• Development and evaluation of a milk protein transcript depletion method for differential transcriptome analysis in mammary gland tissue.

      Brodhagen, Johanna; Weikard, Rosemarie; Thom, Ulrike; Heimes, Annika; Günther, Juliane; Hadlich, Frieder; Zerbe, Holm; Petzl, Wolfgang; Meyerholz, Marie M; Hoedemaker, Martina; et al. (BioMed Central (BMC), 2019-05-22)
      Background: In the mammary gland transcriptome of lactating dairy cows genes encoding milk proteins are highly abundant, which can impair the detection of lowly expressed transcripts and can bias the outcome in global transcriptome analyses. Therefore, the aim of this study was to develop and evaluate a method to deplete extremely highly expressed transcripts in mRNA from lactating mammary gland tissue. Results: Selective RNA depletion was performed by hybridization of antisense oligonucleotides targeting genes encoding the caseins (CSN1S1, CSN1S2, CSN2 and CSN3) and whey proteins (LALBA and PAEP) within total RNA followed by RNase H-mediated elimination of the respective transcripts. The effect of the RNA depletion procedure was monitored by RNA sequencing analysis comparing depleted and non-depleted RNA samples from Escherichia coli (E. coli) challenged and non-challenged udder tissue of lactating cows in a proof of principle experiment. Using RNase H-mediated RNA depletion, the ratio of highly abundant milk protein gene transcripts was reduced in all depleted samples by an average of more than 50% compared to the non-depleted samples. Furthermore, the sensitivity for discovering transcripts with marginal expression levels and transcripts not yet annotated was improved. Finally, the sensitivity to detect significantly differentially expressed transcripts between non-challenged and challenged udder tissue was increased without leading to an inadvertent bias in the pathogen challengeassociated biological signaling pathway patterns. Conclusions: The implementation of selective RNase H-mediated RNA depletion of milk protein gene transcripts from the mammary gland transcriptome of lactating cows will be highly beneficial to establish comprehensive transcript catalogues of the tissue that better reflects its transcriptome complexity.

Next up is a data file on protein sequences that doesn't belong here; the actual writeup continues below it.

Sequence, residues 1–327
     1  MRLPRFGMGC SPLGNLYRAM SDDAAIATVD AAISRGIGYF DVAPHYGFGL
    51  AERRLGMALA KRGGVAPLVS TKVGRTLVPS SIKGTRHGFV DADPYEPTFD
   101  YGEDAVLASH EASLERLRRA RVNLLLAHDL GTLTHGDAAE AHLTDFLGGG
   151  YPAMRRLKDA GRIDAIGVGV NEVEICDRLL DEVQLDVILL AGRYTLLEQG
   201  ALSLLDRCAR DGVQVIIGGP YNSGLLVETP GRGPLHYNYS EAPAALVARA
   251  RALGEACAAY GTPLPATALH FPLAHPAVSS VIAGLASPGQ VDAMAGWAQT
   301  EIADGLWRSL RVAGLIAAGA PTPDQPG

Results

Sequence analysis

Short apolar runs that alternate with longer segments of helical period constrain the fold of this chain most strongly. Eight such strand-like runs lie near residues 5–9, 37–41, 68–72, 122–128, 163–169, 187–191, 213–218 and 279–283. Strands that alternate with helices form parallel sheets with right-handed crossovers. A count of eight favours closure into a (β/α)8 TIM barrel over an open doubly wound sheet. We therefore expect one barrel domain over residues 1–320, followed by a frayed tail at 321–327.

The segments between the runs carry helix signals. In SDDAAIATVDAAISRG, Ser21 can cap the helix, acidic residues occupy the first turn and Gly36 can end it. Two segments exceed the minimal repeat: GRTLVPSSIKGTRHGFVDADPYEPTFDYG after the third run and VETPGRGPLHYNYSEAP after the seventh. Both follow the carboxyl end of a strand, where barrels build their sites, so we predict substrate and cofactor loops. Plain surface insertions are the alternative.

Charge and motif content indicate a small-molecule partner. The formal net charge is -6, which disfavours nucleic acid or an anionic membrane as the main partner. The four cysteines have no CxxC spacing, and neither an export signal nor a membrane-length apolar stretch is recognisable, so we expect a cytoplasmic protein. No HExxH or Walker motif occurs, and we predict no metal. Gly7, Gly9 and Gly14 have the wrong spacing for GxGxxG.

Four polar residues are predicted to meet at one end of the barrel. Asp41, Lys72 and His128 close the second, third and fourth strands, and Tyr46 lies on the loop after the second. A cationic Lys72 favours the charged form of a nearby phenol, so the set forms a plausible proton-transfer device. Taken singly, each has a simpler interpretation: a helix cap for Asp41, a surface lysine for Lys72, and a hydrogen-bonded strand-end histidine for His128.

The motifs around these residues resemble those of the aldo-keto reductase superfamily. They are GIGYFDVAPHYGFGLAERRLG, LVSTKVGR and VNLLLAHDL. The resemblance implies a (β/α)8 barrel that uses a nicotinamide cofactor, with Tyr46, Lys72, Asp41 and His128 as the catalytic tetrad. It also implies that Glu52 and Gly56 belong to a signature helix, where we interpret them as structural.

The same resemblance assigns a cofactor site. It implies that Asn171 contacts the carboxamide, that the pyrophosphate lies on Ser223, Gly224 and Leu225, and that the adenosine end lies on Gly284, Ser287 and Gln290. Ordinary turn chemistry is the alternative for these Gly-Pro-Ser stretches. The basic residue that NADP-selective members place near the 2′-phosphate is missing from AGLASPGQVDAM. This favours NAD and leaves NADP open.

• Hepatic Transcriptome Analysis Identifies Divergent Pathogen-Specific Targeting-Strategies to Modulate the Innate Immune System in Response to Intramammary Infection.

      Heimes, Annika; Brodhagen, Johanna; Weikard, Rosemarie; Seyfert, Hans-Martin; Becker, Doreen; Meyerholz, Marie M; Petzl, Wolfram; Zerbe, Holm; Hoedemaker, Martina; Rohmeier, Laura; et al. (Frontiers, 2020-04-29)
      Mastitis is one of the major risks for public health and animal welfare in the dairy industry. Two of the most important pathogens to cause mastitis in dairy cattle are Staphylococcus aureus (S. aureus) and Escherichia coli (E. coli). While S. aureus generally induces a chronic and subclinical mastitis, E. coli is an important etiological pathogen resulting in an acute and clinical mastitis. The liver plays a central role in both, the metabolic and inflammatory physiology of the dairy cow, which is particularly challenged in the early lactation due to high metabolic and immunological demands. In the current study, we challenged the mammary glands of Holstein cows with S. aureus or E. coli, respectively, mimicking an early lactation infection. We compared the animals' liver transcriptomes with those of untreated controls to investigate the hepatic response of the individuals. Both, S. aureus and E. coli elicited systemic effects on the host after intramammary challenge and seemed to use pathogen-specific targeting strategies to bypass the innate immune system. The most striking result of our study is that we demonstrate for the first time that S. aureus intramammary challenge causes an immune response beyond the original local site of the mastitis. We found that in the peripheral liver tissue defined biological pathways are switched on in a coordinated manner to balance the immune response in the entire organism. TGFB1 signaling plays a crucial role in this context. Important pathways involving actin and integrin, key components of the cytoskeleton, were downregulated in the liver of S. aureus infected cows. In the hepatic transcriptome of E. coli infected cows, important components of the complement system were significantly lower expressed compared to the control cows. Notably, while S. aureus inhibits the cell signaling by Rho GTPases in the liver, E. coli switches the complement system off. Also, metabolic hepatic pathways (e.g., lipid metabolism) are affected after mammary gland challenge, demonstrating that the liver restricts metabolic tasks in favor of the predominant immune response after infection. Our results provide new insights for the infection-induced modifications of the dairy cow's hepatic transcriptome following mastitis.